U.S. charges Pakistani Taliban leader in CIA attack
Thursday, September 2, 2010
The U.S. government designated the Pakistani Taliban a terrorist group Wednesday and charged its leader, Hakimullah Mehsud, with involvement in a December suicide bombing that killed seven Americans at a remote CIA operating base in Afghanistan.
The coordinated moves by the State and Justice departments marked an effort to expand the campaign against the militant group beyond CIA drone strikes and other lethal means being used to disrupt its operations.
While the Pakistani Taliban continues to attack government and civilian targets domestically, it has expanded its agenda to include operations against the United States. In addition to staging the attack on the CIA operating base, the group asserted responsibility for equipping and training the Pakistani-born suspect in the attempted bombing in Times Square on May 1.
The Pakistani Taliban "is very much part of the most dangerous terrorist threat the United States faces," Daniel Benjamin, ambassador-at-large for counterterrorism at the State Department, said Wednesday. Because the Pakistani Taliban shares resources and training in Pakistan's tribal belt, Benjamin described the group as "a force multiplier for al-Qaeda."
The State Department designation allows the U.S. government to pursue financial sanctions against organizations with ties to the Pakistani Taliban. The department also announced that the U.S. government would offer a $5 million reward for information leading to the capture of Mehsud or his second-in-command.
Mehsud was thought to have been killed by a U.S. drone strike in January, but he resurfaced in May in videos in which he vowed to attack U.S. cities.
Also Wednesday, federal authorities unsealed criminal charges, which were filed Aug. 20 in U.S. District Court in the District of Columbia, accusing Mehsud of conspiracy to murder U.S. citizens abroad and the use of a weapon of mass destruction - namely, a suicide bomb. The Justice Department cited a pre-recorded video released after the Dec. 30 bombing at the CIA outpost near Khost, in which Mehsud appeared alongside the alleged bomber, a Jordanian physician who had convinced the CIA that he was a U.S. ally who could deliver long-sought intelligence on the whereabouts of al-Qaeda's senior ranks.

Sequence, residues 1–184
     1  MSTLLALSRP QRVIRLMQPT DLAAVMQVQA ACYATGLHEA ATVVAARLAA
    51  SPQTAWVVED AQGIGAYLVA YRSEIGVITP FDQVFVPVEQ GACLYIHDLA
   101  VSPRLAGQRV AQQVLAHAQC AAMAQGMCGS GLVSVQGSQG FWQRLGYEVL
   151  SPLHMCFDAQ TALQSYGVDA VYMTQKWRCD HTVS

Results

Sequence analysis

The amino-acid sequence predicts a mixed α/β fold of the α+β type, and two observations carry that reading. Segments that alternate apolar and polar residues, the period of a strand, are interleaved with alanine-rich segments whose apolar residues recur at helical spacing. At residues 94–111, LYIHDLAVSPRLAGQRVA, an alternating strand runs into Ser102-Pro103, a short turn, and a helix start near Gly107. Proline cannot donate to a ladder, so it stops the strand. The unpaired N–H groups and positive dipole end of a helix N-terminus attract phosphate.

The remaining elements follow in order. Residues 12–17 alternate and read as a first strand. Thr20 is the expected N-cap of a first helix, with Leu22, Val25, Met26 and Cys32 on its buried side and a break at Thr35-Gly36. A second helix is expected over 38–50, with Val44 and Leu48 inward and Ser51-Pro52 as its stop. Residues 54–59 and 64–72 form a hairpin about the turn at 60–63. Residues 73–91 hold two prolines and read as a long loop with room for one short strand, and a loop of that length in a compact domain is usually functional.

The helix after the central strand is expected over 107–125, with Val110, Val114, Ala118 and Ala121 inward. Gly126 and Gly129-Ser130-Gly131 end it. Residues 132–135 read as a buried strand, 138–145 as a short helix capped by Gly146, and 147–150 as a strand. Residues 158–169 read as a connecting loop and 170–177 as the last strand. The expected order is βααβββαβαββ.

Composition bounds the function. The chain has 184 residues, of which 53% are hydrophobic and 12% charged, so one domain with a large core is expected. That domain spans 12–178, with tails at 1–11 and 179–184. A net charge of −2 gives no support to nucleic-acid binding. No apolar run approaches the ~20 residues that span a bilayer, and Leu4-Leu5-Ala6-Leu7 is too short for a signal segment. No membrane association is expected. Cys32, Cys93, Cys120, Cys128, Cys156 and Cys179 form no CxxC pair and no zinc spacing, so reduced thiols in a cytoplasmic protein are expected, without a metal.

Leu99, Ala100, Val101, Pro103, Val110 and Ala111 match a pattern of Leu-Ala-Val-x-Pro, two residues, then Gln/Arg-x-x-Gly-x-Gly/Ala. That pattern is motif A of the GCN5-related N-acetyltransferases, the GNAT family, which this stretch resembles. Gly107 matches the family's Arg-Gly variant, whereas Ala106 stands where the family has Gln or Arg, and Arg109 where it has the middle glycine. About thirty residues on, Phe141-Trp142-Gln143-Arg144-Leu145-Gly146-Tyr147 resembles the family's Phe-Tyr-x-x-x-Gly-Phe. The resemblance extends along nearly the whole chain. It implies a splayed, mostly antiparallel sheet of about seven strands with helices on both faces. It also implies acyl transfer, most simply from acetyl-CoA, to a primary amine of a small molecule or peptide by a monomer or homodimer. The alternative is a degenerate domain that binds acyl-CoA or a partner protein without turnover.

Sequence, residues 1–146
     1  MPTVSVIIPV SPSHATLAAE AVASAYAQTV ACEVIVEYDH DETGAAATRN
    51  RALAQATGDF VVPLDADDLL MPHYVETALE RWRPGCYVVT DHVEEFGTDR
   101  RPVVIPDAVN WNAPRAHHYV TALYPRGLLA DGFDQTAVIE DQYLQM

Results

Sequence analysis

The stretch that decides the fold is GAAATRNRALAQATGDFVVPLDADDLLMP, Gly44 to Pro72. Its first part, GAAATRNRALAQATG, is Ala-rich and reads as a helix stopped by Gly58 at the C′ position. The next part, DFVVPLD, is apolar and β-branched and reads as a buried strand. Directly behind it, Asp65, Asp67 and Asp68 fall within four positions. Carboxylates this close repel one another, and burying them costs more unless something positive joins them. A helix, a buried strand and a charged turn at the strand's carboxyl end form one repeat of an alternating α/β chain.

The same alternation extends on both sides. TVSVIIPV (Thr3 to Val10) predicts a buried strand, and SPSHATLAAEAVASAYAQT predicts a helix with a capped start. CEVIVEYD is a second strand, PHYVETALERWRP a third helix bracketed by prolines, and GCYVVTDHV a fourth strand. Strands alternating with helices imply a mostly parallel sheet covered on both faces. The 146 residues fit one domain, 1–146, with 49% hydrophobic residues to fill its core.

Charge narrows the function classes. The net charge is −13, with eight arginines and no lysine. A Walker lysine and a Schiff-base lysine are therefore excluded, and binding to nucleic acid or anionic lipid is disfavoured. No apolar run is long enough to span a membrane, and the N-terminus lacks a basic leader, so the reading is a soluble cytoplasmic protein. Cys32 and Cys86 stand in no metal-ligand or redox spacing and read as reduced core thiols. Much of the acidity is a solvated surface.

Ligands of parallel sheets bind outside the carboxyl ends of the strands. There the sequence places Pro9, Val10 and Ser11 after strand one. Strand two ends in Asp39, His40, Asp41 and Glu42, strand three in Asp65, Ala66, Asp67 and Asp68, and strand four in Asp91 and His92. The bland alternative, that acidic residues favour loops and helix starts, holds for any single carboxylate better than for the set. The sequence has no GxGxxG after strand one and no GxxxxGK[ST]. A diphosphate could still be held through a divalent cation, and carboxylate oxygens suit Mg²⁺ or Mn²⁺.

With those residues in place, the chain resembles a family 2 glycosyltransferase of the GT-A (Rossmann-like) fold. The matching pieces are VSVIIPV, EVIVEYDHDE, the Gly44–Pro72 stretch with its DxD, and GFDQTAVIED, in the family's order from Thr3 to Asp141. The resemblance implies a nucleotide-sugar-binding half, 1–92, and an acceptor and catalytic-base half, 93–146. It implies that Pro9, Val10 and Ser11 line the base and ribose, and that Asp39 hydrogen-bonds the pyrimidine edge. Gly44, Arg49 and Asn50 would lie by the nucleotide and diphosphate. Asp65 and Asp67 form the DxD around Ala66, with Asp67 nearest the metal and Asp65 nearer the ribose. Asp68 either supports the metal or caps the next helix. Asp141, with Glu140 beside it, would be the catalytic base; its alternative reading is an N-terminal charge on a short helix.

The indictment sketched out new details in the suicide attack, saying that the Jordanian double-agent, Humam Khalil Abu-Mulal al-Balawi, arrived at Forward Operating Base Chapman by car at 4:30 p.m. He was carrying "a crutch or cane," according to the U.S. government filing, and was dressed in traditional Afghan garb. As security guards approached, al-Balawi "was observed reaching under his clothing and then detonating an explosive device."
Seven CIA employees, including the female base chief and two Blackwater contractors, were killed. A Jordanian intelligence operative was also killed. "The legs of the suspected suicide bomber were recovered on the scene," according to the indictment, and the tissue was used to draw DNA comparisons with a known family member and confirm al-Balawi's identity. The cane was recovered, as well.
"Today's charges underscore our continuing commitment to seek justice for Americans who are murdered or victimized by overseas terrorist attacks," said David Kris, assistant attorney general for national security.
Since July, the United States has also designated for sanctions the Haqqani network, affiliated with the Afghan Taliban, and three financiers: Gul Agha Ishakzai, head of the Taliban's financial commission; Amir Abdullah, former treasurer to senior Afghan Taliban leader Mullah Abdul Ghani Baradar; and Nasiruddin Haqqani, an emissary for the Haqqani network.
Last month, the U.S. government named as a terrorist organization Harkat-e-Jihad-e-Islami, a Pakistani group linked to al-Qaeda. Its leader, Mohammed Ilyas Kashmiri, was listed as a designated global terrorist. Earlier, the government had put terrorist designations on U.S.-born Yemeni cleric Anwar al-Aulaqi and the group al-Qaeda in the Arabian Peninsula, which operates in Yemen.
Under the designations, the groups are subject to sanctions such as asset freezes, travel limits and arms embargoes.
Staff researcher Julie Tate contributed to this report.